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LOCH 2021 Predictions: Smart Cities, Exponential Wireless IoT Growth, and the Push to Secure the Largest Attack Surface in History

Jan 16, 2024 | Blog

The most unpredictable year in recent memory is at our backs. With that, businesses of all walks are looking to 2021 to assess how significant cybersecurity trends and operational realities that emerged or expanded in 2020 — remote workforce, continued exponential growth of IoT deployments and the growing enterprise attack surface, to name a few — will carry into 2021. Whether companies are hoping to continue innovating, improving customer experiences, increasing operational efficiencies or capitalizing on new revenue opportunities, they will need strategies for protecting their growing attack surface.

To help businesses take stock and prepare for the coming year, here are the most significant cybersecurity trends that impact business in 2021, along with the recommended best practices that companies need to secure their wireless devices and networks.

Growth of connectivity, from 5G to satellite link. From connected cars, to smart power grids, to industrial automation, 5G connectivity will play a role in all areas of both public and private sectors. This will enable true hyper-multipath connectivity and edge computing, where wireless becomes the new enterprise network. At the same time, satellite link connectivity will play an increasing role across sectors and applications— from urban smart parking meters to soil sensors for industrial agriculture — as satellite launches become more affordable. However, this exponential increase in connectivity in general translates into an exponentially expanding attack surface for enterprises and cities — particularly as 80% of new IoT devices are wireless. This means that protection of broad-spectrum wireless IoT and cellular wireless networks will be a major priority for 2021.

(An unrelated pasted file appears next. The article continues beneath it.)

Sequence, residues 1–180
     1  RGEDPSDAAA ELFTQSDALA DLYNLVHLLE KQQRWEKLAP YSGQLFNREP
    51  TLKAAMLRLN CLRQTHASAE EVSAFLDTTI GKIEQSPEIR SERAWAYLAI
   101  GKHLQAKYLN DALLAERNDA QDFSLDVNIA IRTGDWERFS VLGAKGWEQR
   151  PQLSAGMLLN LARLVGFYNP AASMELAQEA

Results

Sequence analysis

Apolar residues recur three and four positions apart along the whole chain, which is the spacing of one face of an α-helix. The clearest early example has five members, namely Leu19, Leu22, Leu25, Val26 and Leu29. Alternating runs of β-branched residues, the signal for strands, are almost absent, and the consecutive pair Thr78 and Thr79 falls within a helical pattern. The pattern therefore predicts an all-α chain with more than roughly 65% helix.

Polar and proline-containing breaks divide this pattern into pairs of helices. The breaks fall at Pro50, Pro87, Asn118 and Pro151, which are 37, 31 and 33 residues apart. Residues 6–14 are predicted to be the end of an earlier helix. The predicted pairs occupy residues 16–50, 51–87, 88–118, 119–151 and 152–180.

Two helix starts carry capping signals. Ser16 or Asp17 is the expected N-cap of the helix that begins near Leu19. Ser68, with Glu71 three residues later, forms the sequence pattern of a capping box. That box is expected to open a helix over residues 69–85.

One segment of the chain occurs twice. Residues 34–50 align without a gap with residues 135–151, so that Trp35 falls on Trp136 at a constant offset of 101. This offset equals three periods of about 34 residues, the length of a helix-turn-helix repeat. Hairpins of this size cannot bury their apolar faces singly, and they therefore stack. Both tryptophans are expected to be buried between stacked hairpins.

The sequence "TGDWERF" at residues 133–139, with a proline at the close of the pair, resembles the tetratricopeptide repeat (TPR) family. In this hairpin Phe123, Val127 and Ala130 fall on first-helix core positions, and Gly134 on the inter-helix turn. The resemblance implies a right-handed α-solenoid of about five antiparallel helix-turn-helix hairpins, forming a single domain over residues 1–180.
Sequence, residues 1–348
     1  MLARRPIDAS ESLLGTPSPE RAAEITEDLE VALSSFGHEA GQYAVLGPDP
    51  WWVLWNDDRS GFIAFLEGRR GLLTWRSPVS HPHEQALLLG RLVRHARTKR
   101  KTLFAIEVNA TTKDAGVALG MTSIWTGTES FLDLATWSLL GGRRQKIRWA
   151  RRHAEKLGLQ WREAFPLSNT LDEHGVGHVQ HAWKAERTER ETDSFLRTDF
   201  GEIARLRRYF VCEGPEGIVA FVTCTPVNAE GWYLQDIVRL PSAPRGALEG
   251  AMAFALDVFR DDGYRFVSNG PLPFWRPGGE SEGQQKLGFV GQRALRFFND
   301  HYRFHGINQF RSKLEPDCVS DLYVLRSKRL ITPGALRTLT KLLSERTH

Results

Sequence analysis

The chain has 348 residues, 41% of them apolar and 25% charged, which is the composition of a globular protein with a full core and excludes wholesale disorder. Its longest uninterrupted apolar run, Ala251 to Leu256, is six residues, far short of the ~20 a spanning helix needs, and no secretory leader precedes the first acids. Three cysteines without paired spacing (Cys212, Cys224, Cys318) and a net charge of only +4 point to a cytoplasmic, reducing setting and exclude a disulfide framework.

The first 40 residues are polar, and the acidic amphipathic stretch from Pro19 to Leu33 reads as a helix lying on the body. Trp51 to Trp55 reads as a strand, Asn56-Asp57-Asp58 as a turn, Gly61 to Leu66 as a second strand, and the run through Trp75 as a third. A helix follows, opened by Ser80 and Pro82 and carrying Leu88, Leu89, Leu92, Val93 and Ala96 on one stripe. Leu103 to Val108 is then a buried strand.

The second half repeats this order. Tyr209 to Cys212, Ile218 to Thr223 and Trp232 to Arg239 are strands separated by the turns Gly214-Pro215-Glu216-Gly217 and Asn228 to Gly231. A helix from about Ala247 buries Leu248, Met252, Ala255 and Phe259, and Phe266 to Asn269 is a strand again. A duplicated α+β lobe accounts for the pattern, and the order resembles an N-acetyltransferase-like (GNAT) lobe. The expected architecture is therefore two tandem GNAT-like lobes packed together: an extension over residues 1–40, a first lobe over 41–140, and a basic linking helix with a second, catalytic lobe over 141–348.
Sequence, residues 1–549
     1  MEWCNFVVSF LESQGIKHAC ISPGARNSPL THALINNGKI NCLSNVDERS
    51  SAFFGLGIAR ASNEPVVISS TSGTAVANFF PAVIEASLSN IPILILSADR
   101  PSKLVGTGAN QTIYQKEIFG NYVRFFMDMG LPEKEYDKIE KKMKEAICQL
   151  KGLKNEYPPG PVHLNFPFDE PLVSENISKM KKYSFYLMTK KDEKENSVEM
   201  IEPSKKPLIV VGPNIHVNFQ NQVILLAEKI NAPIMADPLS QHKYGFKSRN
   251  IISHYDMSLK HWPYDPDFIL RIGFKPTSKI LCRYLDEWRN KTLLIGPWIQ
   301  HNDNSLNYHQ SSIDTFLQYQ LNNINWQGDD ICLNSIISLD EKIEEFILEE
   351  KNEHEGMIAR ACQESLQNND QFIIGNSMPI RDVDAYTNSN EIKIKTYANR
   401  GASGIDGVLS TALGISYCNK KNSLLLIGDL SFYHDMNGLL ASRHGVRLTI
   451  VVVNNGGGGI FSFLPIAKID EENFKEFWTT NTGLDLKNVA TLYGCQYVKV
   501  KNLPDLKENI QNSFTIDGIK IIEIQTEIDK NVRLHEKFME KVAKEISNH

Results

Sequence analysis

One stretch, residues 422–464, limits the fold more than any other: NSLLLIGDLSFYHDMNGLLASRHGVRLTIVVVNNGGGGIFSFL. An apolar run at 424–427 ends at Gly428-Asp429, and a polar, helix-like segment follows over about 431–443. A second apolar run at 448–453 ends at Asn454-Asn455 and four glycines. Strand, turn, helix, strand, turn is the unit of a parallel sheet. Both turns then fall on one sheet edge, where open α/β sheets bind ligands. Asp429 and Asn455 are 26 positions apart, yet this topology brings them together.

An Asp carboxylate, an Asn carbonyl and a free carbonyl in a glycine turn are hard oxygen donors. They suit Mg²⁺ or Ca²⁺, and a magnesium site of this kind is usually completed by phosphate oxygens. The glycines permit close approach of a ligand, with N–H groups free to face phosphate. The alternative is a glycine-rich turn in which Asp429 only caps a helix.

With wireless remote work, growth of Shadow IoT. Although the pandemic will gradually subside, remote work will continue to be the norm for many organizations for the foreseeable future. While companies expand their use of IoT generally, employees will also continue to connect personal devices, both in the office and at home. These “Shadow IoT” devices will include everything, from smart thermostats and smart TVs to voice-activated assistance and USB WiFi thumb drives. Such connectivity will expand the wireless network and attack surface dramatically in remote environments, while at the same time decreasing its visibility from a corporate perspective — thus creating significant “back-door” and lateral risks from unknown and unprotected devices. This lack of visibility will be the primary challenge in securing wireless devices and networks 2021, period. As such, enterprises will need to gain an understanding of remote device behaviors, vulnerability conditions and the means of securing wireless networks against traditional and emerging threats.

Healthcare continues to get smart. While health systems already rely on hyper-connectivity to provide efficient, targeted and empathetic care, the use of smart technology will reach new heights in 2021. As health systems have embraced new ways to stay connected with patients during the pandemic, they will continue to support and expand telehealth services and at-home IoT health monitoring, along with increased IoT smart monitoring in both acute and post-acute care settings. As a result of these care improvements, providers will also be at increased risk for cyberattacks. As such, 2021 will see health systems looking for innovations in detection and risk mitigation to keep their devices secured and their patient data protected.